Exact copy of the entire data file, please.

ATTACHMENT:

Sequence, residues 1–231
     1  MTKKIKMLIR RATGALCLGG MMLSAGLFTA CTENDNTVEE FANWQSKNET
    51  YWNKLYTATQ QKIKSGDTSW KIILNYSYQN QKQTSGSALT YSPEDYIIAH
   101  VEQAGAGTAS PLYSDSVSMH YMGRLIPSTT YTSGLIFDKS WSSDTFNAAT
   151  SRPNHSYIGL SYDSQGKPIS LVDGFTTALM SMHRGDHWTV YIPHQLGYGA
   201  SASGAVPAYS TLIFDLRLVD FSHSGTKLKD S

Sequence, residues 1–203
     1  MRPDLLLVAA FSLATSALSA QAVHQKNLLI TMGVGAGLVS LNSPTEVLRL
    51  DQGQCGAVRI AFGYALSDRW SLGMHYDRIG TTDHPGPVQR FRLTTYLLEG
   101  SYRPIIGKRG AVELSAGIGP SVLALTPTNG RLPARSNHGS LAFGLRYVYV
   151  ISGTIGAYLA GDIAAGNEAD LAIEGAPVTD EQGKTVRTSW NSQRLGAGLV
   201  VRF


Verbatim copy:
Sequence, residues 1–231
     1  MTKKIKMLIR RATGALCLGG MMLSAGLFTA CTENDNTVEE FANWQSKNET
    51  YWNKLYTATQ QKIKSGDTSW KIILNYSYQN QKQTSGSALT YSPEDYIIAH
   101  VEQAGAGTAS PLYSDSVSMH YMGRLIPSTT YTSGLIFDKS WSSDTFNAAT
   151  SRPNHSYIGL SYDSQGKPIS LVDGFTTALM SMHRGDHWTV YIPHQLGYGA
   201  SASGAVPAYS TLIFDLRLVD FSHSGTKLKD S

Sequence, residues 1–203
     1  MRPDLLLVAA FSLATSALSA QAVHQKNLLI TMGVGAGLVS LNSPTEVLRL
    51  DQGQCGAVRI AFGYALSDRW SLGMHYDRIG TTDHPGPVQR FRLTTYLLEG
   101  SYRPIIGKRG AVELSAGIGP SVLALTPTNG RLPARSNHGS LAFGLRYVYV
   151  ISGTIGAYLA GDIAAGNEAD LAIEGAPVTD EQGKTVRTSW NSQRLGAGLV
   201  VRF